I’m glad that it’s not just us investing in our families; JDC invests in us, too, giving our staff great opportunities for professional development through seminars and webinars. By continuing to learn, we can give more effective assistance to the people we serve. Simply put, we can build an even healthier community.
Thanks to JDC and JFS intervention, we’re able to give kids like [Alyona] real opportunities and help their families get access to the resources they need to grow and develop … to build a real future.
I’m also grateful I’ve had the chance to experience the power of JDC’s global Jewish network through the Kaplan Leadership Initiative, a program made possible by a generous grant from Edward and Carol Kaplan that provides critical tools and support needed to cultivate leadership among Jewish community professionals in the FSU, Europe, and Latin America.
Before Kaplan, I’d only worked as the JFS director for one year, and I definitely wanted to hone my leadership skills. At our Kaplan seminars, we talked a lot about collaboration and teamwork, as well as leadership strategies and gave me the opportunity to broaden my horizons and understand where my work fit into the larger story of the Kharkiv Jewish community and Jewish life globally. In addition, I was able to visit many JFS-style organizations in Israel and the United States and share those experiences and what I learned from them with my colleagues back home.
In March, the onset of coronavirus and shelter-in-place in Ukraine placed many of our families in more difficult situations than before. With many parents losing their jobs or receiving a significant decrease in pay, there was no way this wasn’t going to impact the families we serve, and not just financially. For families who already had unstable finances or only part-time work, losing a job is an existential crisis. A large part of our case managers’ work and time was devoted to providing families with emotional and psychological support. We also have a volunteer attorney who helps us address complex legal questions, providing high-quality legal advice for anyone who needs it.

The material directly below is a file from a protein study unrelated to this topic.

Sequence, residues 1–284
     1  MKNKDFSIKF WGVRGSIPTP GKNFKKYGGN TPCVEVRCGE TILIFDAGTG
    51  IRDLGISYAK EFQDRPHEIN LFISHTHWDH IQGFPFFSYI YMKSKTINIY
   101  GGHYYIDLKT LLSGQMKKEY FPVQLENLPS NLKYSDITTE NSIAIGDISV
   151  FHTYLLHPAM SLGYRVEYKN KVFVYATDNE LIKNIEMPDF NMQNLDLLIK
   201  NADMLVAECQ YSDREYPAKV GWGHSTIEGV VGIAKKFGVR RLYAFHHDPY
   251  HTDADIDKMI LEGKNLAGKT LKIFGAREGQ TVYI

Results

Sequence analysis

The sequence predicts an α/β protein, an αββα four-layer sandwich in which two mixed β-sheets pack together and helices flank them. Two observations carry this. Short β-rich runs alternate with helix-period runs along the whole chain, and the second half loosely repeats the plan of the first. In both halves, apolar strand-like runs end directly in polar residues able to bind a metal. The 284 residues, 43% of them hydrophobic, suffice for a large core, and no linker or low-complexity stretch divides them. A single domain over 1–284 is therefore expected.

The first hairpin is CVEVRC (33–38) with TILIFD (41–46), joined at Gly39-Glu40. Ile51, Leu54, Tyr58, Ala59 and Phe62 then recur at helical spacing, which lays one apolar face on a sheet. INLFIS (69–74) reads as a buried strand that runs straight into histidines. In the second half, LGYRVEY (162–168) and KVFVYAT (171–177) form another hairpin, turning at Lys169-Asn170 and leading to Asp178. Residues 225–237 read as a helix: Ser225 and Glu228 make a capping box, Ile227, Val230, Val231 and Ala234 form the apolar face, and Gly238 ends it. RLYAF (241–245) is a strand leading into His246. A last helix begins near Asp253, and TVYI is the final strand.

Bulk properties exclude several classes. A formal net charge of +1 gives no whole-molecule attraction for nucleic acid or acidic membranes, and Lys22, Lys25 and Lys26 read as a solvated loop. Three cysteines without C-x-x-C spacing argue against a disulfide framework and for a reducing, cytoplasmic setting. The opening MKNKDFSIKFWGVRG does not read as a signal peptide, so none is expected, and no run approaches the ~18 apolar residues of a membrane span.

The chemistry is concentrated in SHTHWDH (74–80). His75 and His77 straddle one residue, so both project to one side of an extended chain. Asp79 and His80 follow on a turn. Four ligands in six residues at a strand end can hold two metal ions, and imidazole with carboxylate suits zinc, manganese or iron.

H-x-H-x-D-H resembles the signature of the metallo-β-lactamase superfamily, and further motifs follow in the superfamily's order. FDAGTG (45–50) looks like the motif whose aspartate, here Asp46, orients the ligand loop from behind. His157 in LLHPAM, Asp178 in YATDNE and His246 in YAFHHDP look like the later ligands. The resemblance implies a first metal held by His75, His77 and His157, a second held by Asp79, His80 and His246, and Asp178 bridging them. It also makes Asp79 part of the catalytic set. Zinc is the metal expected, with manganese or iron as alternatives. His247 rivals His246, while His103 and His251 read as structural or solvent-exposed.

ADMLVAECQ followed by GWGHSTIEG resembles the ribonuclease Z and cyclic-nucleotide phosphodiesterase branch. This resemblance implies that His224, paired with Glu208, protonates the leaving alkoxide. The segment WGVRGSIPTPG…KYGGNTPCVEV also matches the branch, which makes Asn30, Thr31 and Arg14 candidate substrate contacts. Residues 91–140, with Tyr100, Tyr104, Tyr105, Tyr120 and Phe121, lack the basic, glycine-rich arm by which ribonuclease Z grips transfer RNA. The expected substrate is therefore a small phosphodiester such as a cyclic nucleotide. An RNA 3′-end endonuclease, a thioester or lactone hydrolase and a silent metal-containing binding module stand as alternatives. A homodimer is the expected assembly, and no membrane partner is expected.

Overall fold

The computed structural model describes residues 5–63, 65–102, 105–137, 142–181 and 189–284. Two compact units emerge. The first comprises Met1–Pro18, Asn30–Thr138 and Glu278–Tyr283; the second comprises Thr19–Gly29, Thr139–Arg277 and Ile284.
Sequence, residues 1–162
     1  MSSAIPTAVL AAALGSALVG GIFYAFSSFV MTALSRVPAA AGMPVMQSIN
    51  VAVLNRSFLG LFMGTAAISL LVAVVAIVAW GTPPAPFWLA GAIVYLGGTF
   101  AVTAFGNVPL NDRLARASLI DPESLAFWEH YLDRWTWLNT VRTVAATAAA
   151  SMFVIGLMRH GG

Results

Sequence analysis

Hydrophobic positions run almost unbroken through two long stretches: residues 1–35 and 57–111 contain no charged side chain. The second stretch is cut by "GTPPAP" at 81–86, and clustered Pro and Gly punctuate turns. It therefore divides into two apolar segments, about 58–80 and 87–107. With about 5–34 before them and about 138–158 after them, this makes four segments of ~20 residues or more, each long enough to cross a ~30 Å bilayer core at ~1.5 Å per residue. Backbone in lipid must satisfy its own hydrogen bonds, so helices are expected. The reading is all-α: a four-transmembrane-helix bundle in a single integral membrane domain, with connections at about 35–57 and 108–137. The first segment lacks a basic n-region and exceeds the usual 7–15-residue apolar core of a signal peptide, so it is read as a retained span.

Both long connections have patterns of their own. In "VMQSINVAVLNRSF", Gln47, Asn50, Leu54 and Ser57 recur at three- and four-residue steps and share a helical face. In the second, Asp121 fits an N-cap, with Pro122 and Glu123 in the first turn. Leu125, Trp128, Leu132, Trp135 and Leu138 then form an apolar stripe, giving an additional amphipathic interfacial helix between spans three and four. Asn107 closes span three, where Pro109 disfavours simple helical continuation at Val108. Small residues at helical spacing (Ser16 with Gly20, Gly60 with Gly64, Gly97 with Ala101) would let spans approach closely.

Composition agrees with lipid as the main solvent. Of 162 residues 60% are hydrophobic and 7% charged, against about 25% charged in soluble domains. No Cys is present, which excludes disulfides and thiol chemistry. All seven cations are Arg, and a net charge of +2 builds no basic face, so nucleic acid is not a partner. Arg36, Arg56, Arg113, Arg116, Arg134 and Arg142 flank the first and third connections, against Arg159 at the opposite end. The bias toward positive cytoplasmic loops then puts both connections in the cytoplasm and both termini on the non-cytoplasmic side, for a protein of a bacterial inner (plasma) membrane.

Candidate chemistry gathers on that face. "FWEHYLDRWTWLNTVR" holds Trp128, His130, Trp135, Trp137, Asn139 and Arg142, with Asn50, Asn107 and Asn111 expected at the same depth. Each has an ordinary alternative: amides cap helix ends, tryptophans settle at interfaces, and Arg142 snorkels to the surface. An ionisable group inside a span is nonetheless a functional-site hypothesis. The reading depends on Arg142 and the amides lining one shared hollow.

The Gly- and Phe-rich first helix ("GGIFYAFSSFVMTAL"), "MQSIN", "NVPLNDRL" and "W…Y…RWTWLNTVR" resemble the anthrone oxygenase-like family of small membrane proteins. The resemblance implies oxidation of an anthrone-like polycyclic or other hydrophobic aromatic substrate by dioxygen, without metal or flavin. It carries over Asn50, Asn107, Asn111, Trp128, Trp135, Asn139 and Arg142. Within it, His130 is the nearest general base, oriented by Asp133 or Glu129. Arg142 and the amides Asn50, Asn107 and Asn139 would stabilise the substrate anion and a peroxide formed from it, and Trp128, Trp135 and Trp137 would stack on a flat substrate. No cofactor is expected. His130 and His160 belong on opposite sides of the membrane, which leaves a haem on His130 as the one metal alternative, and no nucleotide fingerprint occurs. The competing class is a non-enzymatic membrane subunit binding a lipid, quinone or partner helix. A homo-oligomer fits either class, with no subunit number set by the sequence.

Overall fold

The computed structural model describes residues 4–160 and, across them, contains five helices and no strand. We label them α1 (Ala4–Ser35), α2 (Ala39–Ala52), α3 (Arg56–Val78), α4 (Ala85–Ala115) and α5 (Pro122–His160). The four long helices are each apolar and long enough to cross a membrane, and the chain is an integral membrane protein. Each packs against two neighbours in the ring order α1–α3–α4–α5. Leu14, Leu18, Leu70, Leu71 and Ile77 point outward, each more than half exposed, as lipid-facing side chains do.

We saw how much the families needed to connect with each other, and how much they wanted to volunteer, so we organized a project called the Advice Encyclopedia where every parent could share their experiences on Zoom and give advice to others in similar situations. We also created an online support group reaching more than 400 families and giving program participants and JFS staff the ability to exchange information and be in constant communication with one another, lowering levels of anxiety for our families and giving them a sense of belonging to a caring community.
Overall, the transition to online support hasn’t been easy for our families. What’s made it work is the strong infrastructure and personal relationships we already had — thanks to our phone consultations and support, many families learned to use phone apps and communicate using online tools. Our specialists trained the kids, too, and now many JFS children are active participants in our virtual programming.
We also definitely don’t forget our Jewish traditions. Every Friday we meet over Zoom to celebrate Shabbat. It’s great that these technologies exist, because it also allows families who live outside of Kharkiv’s city limits to join our Shabbat celebrations. Anyone, no matter where they live, can join our virtual programming. Every holiday that took place during shelter-in-place became that much more important — we weren’t able to hug each other, but we were able to still see everyone online. For Shavuot, we had a big, warm community celebration in partnership with other organizations in Kharkiv.
Through the pandemic, we’ve gained new skills and realized once more how important our community connections are. We all can’t wait to be able to go to the Jewish community center, celebrate Shabbat offline, hug each other, and light the candles together. We have faith that this will happen soon and that the pandemic will end.
I see the future of my community directly linked to mutual assistance. As long as we continue finding new ways to help each other, I’m confident we’ll secure our status as an intergenerational caring community. Still, we have to keep working at it because the world as it is today won’t do — 2020 has shown us that.
Irina Oksenenko is the director of the JDC-supported Jewish Family Service in Kharkiv, Ukraine.